The Chemistry Blog

Chemical uses, chemistry information and industry news

Chemistry GCSE Revision: Atomic Structure And The Periodic Table

Among the fundamental concepts in GCSE chemistry that you should revise is the atomic structure and the arrangement of elements in the periodic table. This article will provide some guidelines and tips on how to effectively understand this important topic in preparation for your GCSE exam. Links to external sources are provided for more in-depth revision. Atoms, Elements And Compounds All...

Ethanoic Acid Uses In Everyday Life

Ethanoic acid is the active component of vinegar, and is also known as acetic acid. It’s the most important type of carboxylic acid because of its many practical uses, which range from culinary applications to industrial processes. Ethanoic acid can be produced through the fermentation process and oxidation of carbohydrates, like the sugars from coconut juice.  What Are The Uses...

Why Do Chemistry GCSE As A Single Science?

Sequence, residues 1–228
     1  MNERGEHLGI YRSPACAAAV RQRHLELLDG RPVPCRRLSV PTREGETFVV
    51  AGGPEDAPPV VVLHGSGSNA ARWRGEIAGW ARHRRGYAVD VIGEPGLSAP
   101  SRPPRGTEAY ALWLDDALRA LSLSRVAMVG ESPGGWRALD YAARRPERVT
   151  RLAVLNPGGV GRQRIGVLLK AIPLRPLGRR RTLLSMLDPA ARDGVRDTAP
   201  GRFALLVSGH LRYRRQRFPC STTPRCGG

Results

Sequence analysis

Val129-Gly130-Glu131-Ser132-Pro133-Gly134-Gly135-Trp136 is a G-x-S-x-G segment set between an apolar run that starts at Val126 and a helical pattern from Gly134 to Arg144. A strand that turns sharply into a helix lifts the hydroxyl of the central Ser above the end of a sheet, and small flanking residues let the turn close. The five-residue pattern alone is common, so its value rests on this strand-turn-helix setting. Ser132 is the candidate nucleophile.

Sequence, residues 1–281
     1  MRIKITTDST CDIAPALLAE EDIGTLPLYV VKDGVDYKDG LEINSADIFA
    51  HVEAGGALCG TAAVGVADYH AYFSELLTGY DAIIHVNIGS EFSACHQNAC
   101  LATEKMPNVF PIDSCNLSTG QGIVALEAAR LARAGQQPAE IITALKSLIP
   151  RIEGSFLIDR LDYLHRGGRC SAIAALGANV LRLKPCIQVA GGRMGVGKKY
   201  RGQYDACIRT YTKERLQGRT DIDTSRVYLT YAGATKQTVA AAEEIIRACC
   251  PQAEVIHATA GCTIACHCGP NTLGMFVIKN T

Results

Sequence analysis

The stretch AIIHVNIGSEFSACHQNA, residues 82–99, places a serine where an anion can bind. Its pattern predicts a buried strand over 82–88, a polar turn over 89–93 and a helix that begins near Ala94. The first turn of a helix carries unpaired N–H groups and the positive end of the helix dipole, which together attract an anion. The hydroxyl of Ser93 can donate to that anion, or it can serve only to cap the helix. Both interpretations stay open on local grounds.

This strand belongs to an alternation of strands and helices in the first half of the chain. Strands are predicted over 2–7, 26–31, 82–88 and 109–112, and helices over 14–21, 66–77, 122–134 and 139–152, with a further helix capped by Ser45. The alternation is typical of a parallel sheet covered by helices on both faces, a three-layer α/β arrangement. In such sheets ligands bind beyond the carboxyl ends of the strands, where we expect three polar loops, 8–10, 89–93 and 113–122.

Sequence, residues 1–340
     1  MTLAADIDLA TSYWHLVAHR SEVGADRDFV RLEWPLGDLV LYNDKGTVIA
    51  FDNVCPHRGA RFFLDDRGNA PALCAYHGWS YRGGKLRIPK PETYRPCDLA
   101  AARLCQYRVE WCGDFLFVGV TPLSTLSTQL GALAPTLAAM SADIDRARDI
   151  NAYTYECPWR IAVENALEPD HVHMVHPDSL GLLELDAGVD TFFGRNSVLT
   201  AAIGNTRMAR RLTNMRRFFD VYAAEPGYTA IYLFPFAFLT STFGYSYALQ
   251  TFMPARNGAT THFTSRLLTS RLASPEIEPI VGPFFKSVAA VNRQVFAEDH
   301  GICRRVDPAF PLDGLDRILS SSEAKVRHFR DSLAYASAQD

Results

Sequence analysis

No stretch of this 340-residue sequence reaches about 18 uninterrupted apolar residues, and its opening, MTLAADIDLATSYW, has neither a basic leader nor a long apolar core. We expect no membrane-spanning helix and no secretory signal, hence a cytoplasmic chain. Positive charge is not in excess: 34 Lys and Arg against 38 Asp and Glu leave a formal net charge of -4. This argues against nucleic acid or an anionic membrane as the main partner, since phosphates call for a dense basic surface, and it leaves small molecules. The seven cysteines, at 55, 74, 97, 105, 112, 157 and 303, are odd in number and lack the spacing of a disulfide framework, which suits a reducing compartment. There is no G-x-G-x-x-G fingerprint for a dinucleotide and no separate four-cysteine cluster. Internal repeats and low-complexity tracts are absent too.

If you’re planning to study chemistry at ‘A’ Level, then you’ll need to have passed at least five GCSEs, and one of these should be in chemistry. If you’ve thought one step further, and are planning to pursue a specialised career in chemistry, taking Double Science (physics, chemistry and biology) at GCSE may not be the best option for...

What’s The Difference Between GCSE Chemistry Single Science And Combined Sciences?

With the different science GCSEs available, choosing the right one can feel daunting. If you want to gain a broad understanding of biology, chemistry, and physics, a GCSE in Combined Sciences is probably the best path for you. If you already know which scientific discipline you’d like to pursue, then a single science GCSE, like chemistry, will give you...

About the Chemistry Blog

At the Chemistry Blog, we want to inform and educate people about chemistry, the chemical industry, and the uses, benefits, and applications of chemicals. You'll find plenty of chemical information here, from how to remove sticky labels with rubbing alcohol to the differences between distilled and deionised water.